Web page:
KEY SENATOR WANTS GOVERNMENT INVOLVEMENT IN MEDIA RATINGS
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NIELSEN LAUNCHES L.A. PEOPLE METERS
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New System to Give Next-Day Data Access to Media Ad Execs
Nielsen's controversial computerized audience-measuring devices are used to replace the paper diaries that the company's media-sampling agents use to record what media they are being exposed to each day. The meters are set top devices that pick up special audio signals embedded in the TV programming. Inaudible to the human ear, these signals are "heard" by the meter, which documents exactly how long a person views specific programs. The system requires that content producers and TV companies embed the special audio signals in their programming.
However, for technical reasons, the VOD format could not be encoded in the same way as the signals of real-time broadcast or cable-TV transmissions.
But now, Nielsen's new deal with Sterling, Va.-software company Anystream will provide a means for also encoding that VOD programming, according to Scott Brown, Nielsen senior vice president for strategic relationships.
Encoding VOD content
Anystream's software is used to process video content into VOD as well as Internet content. It already provides various kinds of software support to media companies such as Fox News and CNN, which repurpose their broadcast content for digital platforms including the Web and mobile phones.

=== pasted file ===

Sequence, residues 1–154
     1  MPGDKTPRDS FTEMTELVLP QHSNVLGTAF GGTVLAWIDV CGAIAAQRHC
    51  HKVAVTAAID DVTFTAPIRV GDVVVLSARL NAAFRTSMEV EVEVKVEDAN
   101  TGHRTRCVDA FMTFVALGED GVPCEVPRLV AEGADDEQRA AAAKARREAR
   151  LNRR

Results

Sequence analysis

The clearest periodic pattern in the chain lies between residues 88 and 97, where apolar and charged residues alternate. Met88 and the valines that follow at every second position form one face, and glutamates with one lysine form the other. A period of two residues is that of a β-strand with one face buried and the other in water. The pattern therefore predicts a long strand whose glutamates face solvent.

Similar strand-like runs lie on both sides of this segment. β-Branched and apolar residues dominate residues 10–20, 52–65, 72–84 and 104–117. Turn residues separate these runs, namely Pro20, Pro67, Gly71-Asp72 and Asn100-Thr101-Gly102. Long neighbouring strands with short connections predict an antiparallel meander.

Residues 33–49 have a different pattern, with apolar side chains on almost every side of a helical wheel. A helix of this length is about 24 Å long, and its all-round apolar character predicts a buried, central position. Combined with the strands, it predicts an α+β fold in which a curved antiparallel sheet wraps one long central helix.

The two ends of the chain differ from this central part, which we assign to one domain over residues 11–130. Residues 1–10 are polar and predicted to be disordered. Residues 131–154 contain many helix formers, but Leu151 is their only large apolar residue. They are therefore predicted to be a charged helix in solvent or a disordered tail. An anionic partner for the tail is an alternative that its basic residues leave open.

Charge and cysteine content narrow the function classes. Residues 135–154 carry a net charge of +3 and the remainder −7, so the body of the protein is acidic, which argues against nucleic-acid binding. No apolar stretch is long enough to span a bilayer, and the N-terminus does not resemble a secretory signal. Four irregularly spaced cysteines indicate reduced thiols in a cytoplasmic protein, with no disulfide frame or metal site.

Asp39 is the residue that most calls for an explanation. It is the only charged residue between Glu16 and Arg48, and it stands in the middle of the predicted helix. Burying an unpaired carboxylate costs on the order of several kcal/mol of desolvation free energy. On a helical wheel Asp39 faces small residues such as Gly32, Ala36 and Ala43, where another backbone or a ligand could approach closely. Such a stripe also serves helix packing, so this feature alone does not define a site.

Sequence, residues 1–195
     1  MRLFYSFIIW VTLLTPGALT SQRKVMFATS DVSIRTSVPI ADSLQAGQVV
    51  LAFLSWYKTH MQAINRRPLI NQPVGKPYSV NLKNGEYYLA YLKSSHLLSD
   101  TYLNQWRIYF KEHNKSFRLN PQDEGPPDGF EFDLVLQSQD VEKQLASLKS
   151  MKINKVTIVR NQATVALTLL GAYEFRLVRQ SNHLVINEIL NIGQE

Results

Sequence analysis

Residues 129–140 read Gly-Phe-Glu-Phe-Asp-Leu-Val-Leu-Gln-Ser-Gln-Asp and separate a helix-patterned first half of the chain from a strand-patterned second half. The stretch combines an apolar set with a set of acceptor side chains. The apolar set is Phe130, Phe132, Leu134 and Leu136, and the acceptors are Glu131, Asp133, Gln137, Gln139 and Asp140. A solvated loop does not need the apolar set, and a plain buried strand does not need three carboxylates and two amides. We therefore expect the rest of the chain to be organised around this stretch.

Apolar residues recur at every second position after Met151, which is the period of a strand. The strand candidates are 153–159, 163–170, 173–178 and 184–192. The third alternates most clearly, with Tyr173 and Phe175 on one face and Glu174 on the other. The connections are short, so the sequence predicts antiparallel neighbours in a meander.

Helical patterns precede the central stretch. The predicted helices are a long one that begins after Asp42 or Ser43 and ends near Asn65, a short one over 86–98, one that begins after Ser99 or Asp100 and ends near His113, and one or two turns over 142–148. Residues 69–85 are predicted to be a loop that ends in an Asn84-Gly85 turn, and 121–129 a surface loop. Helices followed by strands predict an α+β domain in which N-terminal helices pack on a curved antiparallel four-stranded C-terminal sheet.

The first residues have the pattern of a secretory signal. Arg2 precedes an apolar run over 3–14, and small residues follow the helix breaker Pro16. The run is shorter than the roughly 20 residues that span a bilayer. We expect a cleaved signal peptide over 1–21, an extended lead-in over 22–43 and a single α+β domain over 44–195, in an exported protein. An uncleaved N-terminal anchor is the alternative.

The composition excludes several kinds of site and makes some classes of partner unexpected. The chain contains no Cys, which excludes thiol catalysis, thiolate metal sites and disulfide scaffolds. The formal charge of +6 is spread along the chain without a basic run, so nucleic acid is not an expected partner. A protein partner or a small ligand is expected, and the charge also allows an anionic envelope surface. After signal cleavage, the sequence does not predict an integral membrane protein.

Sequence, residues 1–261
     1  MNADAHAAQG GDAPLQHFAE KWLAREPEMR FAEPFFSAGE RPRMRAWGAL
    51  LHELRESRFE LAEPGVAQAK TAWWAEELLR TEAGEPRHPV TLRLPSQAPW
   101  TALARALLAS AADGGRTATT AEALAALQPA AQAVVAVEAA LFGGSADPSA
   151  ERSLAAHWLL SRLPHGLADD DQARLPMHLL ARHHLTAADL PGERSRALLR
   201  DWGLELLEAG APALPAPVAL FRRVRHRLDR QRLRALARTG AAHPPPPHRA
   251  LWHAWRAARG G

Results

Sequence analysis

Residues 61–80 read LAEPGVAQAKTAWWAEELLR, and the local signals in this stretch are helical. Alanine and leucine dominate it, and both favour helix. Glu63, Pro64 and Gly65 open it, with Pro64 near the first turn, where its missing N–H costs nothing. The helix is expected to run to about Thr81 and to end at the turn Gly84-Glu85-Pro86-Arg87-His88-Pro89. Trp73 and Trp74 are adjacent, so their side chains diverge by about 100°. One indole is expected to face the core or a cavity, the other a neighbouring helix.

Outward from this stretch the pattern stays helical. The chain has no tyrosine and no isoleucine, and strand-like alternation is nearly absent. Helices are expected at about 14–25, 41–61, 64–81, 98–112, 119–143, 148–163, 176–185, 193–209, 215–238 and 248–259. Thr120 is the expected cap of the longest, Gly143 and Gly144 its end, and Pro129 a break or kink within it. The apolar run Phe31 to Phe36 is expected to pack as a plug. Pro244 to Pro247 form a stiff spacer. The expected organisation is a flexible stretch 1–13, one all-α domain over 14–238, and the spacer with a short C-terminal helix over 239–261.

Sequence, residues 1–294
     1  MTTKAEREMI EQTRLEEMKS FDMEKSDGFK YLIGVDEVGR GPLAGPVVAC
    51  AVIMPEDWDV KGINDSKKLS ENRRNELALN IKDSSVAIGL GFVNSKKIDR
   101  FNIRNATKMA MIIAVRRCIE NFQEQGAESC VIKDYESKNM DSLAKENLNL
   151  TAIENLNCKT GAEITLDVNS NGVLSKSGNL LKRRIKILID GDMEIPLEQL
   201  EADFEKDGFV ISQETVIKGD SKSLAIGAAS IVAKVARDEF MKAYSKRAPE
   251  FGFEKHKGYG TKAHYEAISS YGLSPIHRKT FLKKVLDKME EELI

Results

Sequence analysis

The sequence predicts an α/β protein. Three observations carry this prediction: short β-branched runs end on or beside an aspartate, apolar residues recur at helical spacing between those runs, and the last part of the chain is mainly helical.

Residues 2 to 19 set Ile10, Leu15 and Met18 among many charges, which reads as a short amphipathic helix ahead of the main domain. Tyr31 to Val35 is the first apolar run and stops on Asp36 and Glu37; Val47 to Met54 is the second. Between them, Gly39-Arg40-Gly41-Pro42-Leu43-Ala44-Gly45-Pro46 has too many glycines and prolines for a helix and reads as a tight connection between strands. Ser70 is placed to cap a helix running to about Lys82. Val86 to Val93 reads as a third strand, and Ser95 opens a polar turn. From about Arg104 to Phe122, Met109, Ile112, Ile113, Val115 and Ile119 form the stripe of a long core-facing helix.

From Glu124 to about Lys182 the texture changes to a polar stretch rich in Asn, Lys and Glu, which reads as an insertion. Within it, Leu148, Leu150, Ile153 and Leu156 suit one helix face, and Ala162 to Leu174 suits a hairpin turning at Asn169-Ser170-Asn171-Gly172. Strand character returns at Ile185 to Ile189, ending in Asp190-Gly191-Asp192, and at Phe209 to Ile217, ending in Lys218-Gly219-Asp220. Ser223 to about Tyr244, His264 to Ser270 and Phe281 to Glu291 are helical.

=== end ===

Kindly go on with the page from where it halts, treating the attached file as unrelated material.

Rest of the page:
Nielsen believes the deal will help content providers, cable companies and distributors to apply VOD people meter audio codes to their content, which in turn will allow Nielsen to measure audiences more easily.
While the news will no doubt be welcomed by those pushing the development of VOD as an ad-supported medium, Nielsen has been widely criticized for its delay in implementing a full measurement system.
Nine months away
VOD measurement by Nielsen is still nine months away. Viewership of VOD programming within seven days of its initial airing will begin to be incorporated in Nielsen data by fourth quarter 2006. The company will only begin to measure theatrical movies, pay-per-view events and older TV programs by the fourth quarter 2006. That is not soon enough for the agencies and marketers who have been driven to consider VOD by the promise of targeting their customers more closely.
Nielsen isn’t the only company measuring VOD viewing. Comcast Corp. works with independent VOD measurement firm Rentrack, which has rapidly established itself as a player in the field. The cable companies themselves also hold precise data on what programming their customers watched, but have been reluctant to make that widely available. Agency executives say they expect to work with a patchwork of datapoints on VOD measurement in the future.